By Donald A. Windsor
Deputy Historian, Chenango County
If you want to know what it is like to live in a distant place, you can visit it or correspond with its residents. But what can you do if you want to know what it was like to live in a distant time?
You can read about it. Publications, such as newspapers, magazines, or books, are good sources of information, but they are polished. They have been sanitized, refined, and edited so that the communication has been rendered fit for public consumption and targeted to a particular audience. However, a lot of information never gets published because the publishers either reject it or are unaware of it.
To get real uncensored, unedited, direct, highly biased, personal information, consider reading diaries. First of all, should you? Do people write diaries for strangers to read? Probably not. As far as I can determine, people write diaries to record events in their lives and their reactions to them for their own personal use, to augment their memories. A diary is, in effect, outsourced memory storage and should be considered an extension of the authorís mind. That is about as personal and private as it gets.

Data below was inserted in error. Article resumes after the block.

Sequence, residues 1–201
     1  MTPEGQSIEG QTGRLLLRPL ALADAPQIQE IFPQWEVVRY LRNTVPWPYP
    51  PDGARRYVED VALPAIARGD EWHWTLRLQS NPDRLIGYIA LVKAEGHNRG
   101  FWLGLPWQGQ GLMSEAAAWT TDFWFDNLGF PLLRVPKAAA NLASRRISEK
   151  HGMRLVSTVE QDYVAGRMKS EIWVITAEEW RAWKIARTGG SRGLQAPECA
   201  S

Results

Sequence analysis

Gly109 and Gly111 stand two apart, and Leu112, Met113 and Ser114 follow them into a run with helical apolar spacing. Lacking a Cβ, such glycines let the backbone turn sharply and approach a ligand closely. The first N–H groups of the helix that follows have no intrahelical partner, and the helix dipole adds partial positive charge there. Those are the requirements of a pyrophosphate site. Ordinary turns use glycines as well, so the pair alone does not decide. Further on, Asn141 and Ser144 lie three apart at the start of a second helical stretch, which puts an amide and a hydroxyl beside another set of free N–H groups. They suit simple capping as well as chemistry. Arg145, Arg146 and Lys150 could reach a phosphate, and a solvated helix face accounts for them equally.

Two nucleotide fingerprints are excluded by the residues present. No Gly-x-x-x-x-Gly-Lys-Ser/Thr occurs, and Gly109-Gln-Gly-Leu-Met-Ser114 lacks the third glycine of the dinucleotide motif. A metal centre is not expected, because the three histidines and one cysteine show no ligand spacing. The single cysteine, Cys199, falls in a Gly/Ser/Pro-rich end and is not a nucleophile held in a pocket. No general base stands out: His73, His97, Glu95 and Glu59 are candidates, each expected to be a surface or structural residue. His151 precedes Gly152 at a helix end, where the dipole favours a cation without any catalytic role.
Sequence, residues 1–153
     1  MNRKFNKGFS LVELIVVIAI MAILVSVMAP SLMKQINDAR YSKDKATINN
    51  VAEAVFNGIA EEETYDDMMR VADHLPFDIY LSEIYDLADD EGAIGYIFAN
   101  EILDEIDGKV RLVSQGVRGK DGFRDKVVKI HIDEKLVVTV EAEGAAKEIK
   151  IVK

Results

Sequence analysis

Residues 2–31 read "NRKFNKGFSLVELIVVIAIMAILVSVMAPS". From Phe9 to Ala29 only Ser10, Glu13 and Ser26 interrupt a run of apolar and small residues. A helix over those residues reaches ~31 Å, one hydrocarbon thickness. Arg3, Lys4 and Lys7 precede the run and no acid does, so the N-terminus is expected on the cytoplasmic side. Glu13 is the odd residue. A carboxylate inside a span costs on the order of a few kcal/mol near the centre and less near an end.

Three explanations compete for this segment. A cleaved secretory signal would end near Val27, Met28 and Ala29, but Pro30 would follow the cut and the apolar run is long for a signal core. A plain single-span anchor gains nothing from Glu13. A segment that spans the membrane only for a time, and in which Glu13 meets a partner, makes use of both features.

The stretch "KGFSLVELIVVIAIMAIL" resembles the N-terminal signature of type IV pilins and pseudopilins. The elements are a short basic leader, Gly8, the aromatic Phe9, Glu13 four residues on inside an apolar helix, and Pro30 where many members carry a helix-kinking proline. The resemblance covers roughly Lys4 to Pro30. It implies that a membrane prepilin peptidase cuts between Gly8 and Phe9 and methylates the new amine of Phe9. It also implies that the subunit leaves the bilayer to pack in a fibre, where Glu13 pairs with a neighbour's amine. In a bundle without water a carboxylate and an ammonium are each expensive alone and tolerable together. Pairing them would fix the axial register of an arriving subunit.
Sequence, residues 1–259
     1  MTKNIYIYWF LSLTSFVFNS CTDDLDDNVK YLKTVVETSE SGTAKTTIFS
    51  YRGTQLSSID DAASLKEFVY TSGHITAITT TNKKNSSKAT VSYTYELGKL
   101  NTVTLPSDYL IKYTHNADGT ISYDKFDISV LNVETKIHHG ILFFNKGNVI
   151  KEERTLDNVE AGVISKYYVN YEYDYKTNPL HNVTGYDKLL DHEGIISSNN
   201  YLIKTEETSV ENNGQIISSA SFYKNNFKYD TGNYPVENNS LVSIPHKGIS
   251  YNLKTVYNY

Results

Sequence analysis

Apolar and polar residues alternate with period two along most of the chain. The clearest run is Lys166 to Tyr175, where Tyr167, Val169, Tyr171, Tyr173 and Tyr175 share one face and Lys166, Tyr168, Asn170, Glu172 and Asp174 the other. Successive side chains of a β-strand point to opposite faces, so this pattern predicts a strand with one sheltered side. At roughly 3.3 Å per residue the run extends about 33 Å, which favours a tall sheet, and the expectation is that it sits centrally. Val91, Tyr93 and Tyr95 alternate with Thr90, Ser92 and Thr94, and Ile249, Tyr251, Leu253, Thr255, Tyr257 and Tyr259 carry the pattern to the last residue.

So it is probably unethical to read someoneís diary without their consent. Obtaining consent from someone who is dead is impossible, unless they revealed their intent prior to passing. The saving grace is that reading diaries is painfully boring, so there are no long lines of eager readers. Moreover, they are hand written and often difficult to decipher. In fact, most diaries that have been saved go unread. Which is, of course, ethically irrelevant. However, if authors wanted their diaries to remain private, they would have destroyed them before they died. Their timing would have had to be pretty accurate, because most folks do not know when that final occasion will occur. Meanwhile, as the ethical issues are pondered (or sidestepped), historians find diaries to be veritable gold mines.